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Qatar is reassessing its position as a mediator in negotiations for a cease-fire in Gaza

Qatar is currently reconsidering its role as a mediator in the cease-fire negotiations between Israel and the Palestinian militant group Hamas. Prime Minister Sheikh Mohammed bin Abdulrahman Al Thani, also the foreign minister, expressed concerns about the misuse of Qatar’s mediation efforts for narrow political gains. This prompted Qatar to conduct a thorough evaluation of its mediation role.

Although Sheikh Mohammed did not specify any politicians by name, Qatar’s embassy in Washington criticized remarks made by Democratic congressman Steny Hoyer. Hoyer called for a reevaluation of the U.S.’s relationship with Qatar, urging Qatar to pressure Hamas with threats of repercussions if it obstructs progress towards a temporary ceasefire and the release of hostages.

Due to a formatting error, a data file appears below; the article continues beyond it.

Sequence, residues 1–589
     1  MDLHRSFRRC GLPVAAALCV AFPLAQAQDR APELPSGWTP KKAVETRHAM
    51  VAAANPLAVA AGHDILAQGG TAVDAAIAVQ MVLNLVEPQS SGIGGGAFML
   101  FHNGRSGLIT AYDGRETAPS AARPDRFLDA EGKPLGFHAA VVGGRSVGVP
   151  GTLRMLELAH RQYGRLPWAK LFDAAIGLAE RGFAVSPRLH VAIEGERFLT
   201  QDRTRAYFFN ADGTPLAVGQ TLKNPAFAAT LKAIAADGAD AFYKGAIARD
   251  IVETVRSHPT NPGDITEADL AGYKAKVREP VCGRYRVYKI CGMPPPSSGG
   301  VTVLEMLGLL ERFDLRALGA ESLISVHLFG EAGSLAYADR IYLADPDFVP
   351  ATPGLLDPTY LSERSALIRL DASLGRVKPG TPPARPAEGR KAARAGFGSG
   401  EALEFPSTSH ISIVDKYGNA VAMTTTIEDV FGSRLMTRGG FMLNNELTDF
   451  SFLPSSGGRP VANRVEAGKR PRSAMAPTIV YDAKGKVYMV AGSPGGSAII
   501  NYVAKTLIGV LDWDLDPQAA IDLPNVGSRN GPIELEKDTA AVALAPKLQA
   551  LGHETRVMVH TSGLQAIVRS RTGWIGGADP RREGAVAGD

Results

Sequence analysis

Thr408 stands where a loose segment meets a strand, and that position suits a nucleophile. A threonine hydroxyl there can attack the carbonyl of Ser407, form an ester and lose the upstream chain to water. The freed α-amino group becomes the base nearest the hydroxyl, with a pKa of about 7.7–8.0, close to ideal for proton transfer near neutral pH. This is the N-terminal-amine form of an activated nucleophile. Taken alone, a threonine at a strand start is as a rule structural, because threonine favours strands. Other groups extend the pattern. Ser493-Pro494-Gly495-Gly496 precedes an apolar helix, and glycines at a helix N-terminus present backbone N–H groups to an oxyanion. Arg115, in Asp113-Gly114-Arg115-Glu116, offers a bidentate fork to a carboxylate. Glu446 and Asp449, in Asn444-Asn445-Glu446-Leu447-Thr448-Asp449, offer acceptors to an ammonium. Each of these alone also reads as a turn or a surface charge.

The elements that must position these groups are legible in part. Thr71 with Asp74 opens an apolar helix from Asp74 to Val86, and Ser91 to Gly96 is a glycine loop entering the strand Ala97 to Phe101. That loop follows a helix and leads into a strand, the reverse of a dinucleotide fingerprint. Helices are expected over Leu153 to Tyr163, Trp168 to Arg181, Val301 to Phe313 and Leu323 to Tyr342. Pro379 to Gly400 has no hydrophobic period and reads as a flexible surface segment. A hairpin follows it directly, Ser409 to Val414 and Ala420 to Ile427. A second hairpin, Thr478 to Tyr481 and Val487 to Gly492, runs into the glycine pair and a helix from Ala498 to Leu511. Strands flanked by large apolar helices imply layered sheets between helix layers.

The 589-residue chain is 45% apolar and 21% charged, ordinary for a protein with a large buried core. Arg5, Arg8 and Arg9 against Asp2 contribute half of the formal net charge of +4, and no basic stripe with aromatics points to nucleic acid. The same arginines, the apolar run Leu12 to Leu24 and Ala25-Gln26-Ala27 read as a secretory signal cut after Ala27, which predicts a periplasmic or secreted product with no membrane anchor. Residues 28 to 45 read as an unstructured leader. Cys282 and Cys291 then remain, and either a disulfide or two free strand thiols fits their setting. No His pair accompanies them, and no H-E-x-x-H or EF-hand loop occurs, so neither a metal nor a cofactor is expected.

Accusations have been made by some U.S. lawmakers that Qatar supports Hamas, a claim vehemently denied by Qatar. Notably, Qatar hosts around 10,000 U.S. troops, representing the largest U.S. military presence in the Middle East.

Sheikh Mohammed emphasized the limitations of the mediator’s role, stating that mediators cannot offer concessions that the involved parties themselves are unwilling to provide.

Regarding the ongoing cease-fire talks and hostage release negotiations, Sheikh Mohammed described them as being in a delicate phase. Qatar is exerting efforts to address obstacles to progress, although specific details were not disclosed.

Furthermore, Qatar’s prime minister condemned Israel’s policy of what he described as “collective punishment” in its conflict with Hamas in Gaza. He also denounced the recent escalation of violence in the Israeli-occupied West Bank.

The discussions for a cease-fire in Gaza, facilitated by Qatar and Egypt, occur amid a dire humanitarian situation in the region. Palestinians in Gaza are facing severe shortages of essential supplies, including food and medicine.

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